- We combine the broadcast and mesh topology options of Bluetooth to extend the applicability of beacon solutions. Smartphone users are able to interact with the backend system with a single and pervasive network technology—Bluetooth.
- The user experience of Bluetooth beacon-based applications is enhanced because our system can work without smartphone users’ Internet connections. In other words, smartphone users only need to turn on the Bluetooth interface to enjoy the interactive locating services without paying a dime on their phone bills.
- We implemented a real-time locating system solely based on Bluetooth. The feasibility and usefulness of our work have been verified through extensive experiments.
- We identify some potential problems of deploying the Bluetooth locating system, and propose possible solutions to solve/mitigate the problems.
2. Related Work
2.1. Locating Systems and Applications Based on Bluetooth Low Energy (BLE)
2.2. Implementations of Bluetooth Mesh Networking
2.3. Bluetooth Beacon Technology
3. System Design
3.1. System Architecture
- Mobile App: a locating application running on mobile users’ smartphones. It listens to the beacon messages sent by the Mesh Beacons to figure out the current location of the mobile user. It responds to the received beacon message by broadcasting the mobile user’s encrypted presence message.
- Mesh Beacon: a beacon device that can send, receive, and relay messages in the Bluetooth beacon network. Specifically, it not only broadcasts beacon messages, but also receives presence message from Mobile Apps, and relays the presence message to the Application Server.
- Mesh Router: a gateway device between the Bluetooth beacon network and the rest of the network. It is responsible for collecting the presence messages from the Mobile Apps within the range of the Bluetooth beacon network. Once the Mesh Router receives a presence message, it will upload the presence state to the Application Server through hypertext transfer protocol (HTTP), and send an acknowledgement message back to the Mobile App in response to receiving the presence message from a specific user.
- Application Server: a shared HTTP server for the Mesh Routers from several Bluetooth beacon networks. It buffers the presence states of the mobile users, and forwards the presence states to the Cloud Database.
- Cloud Database: a real-time database in the cloud environment. It is responsible for keeping the history records of all the mobile users’ presence states.
3.2. Flow of Operations
- When the Mobile App discovers a beacon message from a certain Mesh Beacon, it locates itself based on the Major/Minor values embedded in the message. In our design, the Mobile App directly looks up a built-in location table to resolve the Major/Minor values, so the name of the detected location can be shown on the user interface immediately.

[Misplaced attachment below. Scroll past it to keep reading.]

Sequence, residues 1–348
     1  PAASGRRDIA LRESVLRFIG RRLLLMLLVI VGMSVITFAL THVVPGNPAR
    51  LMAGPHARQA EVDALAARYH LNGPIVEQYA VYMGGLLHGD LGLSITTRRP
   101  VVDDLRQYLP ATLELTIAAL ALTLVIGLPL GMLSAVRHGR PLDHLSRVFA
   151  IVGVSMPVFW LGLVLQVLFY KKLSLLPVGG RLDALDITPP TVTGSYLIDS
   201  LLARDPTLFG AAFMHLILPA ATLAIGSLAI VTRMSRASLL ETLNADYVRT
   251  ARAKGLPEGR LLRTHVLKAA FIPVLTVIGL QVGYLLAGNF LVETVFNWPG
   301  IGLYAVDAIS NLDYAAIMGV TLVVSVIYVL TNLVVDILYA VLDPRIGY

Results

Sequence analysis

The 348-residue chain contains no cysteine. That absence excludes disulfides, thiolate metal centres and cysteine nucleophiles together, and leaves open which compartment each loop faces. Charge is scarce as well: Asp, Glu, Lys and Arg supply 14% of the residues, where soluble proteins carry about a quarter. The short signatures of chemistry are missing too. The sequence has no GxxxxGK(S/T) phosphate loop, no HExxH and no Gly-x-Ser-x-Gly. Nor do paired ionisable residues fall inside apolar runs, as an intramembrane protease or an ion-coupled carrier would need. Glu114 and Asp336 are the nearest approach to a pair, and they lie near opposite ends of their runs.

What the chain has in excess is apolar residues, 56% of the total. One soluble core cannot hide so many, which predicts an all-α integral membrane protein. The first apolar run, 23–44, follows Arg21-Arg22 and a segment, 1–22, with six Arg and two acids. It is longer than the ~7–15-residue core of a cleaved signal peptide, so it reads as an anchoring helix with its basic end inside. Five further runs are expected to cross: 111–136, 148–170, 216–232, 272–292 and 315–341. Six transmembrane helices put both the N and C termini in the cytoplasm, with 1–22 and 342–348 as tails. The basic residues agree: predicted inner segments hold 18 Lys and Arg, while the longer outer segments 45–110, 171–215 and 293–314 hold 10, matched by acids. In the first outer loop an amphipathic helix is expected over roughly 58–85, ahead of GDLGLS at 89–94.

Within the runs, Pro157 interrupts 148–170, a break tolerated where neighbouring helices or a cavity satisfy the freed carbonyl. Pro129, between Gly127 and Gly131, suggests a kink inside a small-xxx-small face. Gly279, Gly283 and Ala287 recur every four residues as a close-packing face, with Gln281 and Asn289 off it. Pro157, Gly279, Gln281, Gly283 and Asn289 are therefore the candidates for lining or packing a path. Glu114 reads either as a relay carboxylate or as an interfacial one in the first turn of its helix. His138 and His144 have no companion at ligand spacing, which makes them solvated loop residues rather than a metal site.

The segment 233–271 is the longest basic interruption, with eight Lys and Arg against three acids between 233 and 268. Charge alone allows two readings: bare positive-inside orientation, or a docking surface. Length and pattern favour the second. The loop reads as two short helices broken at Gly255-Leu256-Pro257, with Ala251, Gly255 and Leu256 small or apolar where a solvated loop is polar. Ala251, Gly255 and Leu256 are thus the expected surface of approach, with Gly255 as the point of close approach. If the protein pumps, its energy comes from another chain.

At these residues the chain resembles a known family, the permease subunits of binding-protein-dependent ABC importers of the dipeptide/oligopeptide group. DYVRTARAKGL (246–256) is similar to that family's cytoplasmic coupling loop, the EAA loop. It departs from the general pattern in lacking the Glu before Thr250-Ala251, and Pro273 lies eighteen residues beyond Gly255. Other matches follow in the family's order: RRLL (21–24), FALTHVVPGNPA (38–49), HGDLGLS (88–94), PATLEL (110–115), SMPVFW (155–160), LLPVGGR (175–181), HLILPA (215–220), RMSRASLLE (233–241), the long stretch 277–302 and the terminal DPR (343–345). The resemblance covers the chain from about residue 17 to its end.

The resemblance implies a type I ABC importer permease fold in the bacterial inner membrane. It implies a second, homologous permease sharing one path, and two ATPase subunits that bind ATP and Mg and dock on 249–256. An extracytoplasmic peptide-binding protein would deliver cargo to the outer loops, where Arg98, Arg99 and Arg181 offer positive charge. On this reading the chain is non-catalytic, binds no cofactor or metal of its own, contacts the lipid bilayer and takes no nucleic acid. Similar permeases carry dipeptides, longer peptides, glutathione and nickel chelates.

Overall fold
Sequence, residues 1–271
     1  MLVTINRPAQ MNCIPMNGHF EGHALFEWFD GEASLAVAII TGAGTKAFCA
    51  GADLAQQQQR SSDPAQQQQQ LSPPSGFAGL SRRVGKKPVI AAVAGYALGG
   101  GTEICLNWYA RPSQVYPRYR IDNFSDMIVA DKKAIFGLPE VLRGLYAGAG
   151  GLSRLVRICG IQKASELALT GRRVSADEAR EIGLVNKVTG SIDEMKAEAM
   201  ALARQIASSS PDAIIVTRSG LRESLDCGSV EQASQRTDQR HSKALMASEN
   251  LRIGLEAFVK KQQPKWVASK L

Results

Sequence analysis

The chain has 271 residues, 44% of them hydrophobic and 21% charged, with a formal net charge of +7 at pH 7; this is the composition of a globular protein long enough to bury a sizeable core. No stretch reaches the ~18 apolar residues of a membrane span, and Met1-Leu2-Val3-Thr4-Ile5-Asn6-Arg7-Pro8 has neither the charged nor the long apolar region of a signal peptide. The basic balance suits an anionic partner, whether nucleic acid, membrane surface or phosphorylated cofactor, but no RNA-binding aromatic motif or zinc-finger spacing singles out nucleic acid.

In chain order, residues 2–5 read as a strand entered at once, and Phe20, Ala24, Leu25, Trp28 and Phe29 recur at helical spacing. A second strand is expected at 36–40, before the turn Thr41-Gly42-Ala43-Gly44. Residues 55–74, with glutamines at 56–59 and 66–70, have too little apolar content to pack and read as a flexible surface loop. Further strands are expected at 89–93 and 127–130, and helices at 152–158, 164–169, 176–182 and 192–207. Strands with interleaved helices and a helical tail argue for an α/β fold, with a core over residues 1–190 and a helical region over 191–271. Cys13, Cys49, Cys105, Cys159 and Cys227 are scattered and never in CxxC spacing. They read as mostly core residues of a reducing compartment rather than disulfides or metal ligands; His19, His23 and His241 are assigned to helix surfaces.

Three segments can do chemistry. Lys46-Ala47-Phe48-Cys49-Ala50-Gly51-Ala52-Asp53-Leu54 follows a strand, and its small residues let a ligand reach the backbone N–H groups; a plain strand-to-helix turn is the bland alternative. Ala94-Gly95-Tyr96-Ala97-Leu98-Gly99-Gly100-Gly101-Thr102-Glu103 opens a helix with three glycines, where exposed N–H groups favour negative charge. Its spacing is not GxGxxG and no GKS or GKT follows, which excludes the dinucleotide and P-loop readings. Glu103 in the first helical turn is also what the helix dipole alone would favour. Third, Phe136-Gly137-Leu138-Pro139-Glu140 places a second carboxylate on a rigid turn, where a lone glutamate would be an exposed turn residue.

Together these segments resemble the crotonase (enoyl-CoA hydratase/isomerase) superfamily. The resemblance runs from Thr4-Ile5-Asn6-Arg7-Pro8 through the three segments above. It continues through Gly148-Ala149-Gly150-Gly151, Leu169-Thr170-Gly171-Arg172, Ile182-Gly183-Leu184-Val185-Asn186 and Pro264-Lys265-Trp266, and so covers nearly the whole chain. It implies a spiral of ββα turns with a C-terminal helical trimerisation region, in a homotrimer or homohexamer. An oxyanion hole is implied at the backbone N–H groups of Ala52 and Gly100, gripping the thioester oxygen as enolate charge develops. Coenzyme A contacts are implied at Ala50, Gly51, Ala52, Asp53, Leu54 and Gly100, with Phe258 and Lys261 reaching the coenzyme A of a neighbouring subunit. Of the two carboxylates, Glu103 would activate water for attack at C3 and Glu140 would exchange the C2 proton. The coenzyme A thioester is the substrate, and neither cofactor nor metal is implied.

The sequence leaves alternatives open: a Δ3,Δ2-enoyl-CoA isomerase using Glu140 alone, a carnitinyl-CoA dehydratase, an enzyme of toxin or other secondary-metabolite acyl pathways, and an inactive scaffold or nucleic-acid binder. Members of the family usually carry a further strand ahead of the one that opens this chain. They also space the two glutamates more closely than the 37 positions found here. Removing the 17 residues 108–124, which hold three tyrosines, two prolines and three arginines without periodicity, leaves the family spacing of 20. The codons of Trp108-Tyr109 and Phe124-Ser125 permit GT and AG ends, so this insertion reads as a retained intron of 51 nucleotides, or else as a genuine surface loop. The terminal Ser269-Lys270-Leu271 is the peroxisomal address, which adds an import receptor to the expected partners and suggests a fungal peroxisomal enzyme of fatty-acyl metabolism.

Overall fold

- Once the locating process has completed, the Mobile App composes the presence message containing the encrypted user ID and the detected Major/Minor values, and then broadcasts the presence message. The objective of broadcasting the presence message is to inform the backend system that this specific user has shown up at a particular location.
- As soon as any Mesh Beacon hears the presence message, it uses the managed-flood-based approach to rebroadcast the presence message. The purpose of rebroadcasting the presence message is to relay it to the Mesh Router. The managed-flood-based approach can make sure that once a specific presence message has been broadcasted by a Mesh Beacon, the Mesh Beacon will not rebroadcast it again.
- When the Mesh Router hears the presence message originated from a certain Mobile App, it uploads the content in the presence message to the Application Server. Meanwhile, it sends an acknowledgement message back to the Mobile App by broadcast.
- When any Mesh Beacon hears the acknowledgement message, it rebroadcasts the message by using the managed-flood-based approach again. The purpose of rebroadcasting the acknowledgement message is to relay it to the Mobile App.
- (Continue from item 4) When the Application Server receives the presence state from the Mesh Router, it forwards the presence state to the Cloud Database. In the Cloud Database we are able to see the locating history for all the mobile users.
- When the acknowledgement message from the Mesh Router has been received at the Mobile App, the Mobile App displays a welcome message indicating that the backend system is aware of the user’s presence.
3.3. Messages in the Beacon Network
- Type 1: beacon messages sent by the Mesh Beacons
- Type 2: presence messages sent by the Mobile Apps
- Type 3: presence messages forwarded by the Mesh Beacons
- Type 4: acknowledgement messages sent by the Mesh Router.
4. Implementation and Experiments
4.1. Implementation and Deployment of Our Prototype System
4.2. Experiment 1
4.3. Experiment 2
4.4. Experiment 3
4.5.1. The Communication Range of Bluetooth Beacons
4.5.2. Contention on Advertising Channels and Interference from Wi-Fi
4.5.3. Problems Related to a Large Deployment Area
Conflicts of Interest
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|Mobile App||Apple iOS version 10.2|
|Mesh Beacon and Mesh Router||RedBear Duo development board (with Bluetooth V4.1 and IEEE 802.11n Wi-Fi)|
|Application Server||Node.js web server on Linux Ubuntu 14.04|
|Cloud Database||Google Firebase|
|Locations||Timestamp of the Locating Record|
|User 1||User 2|
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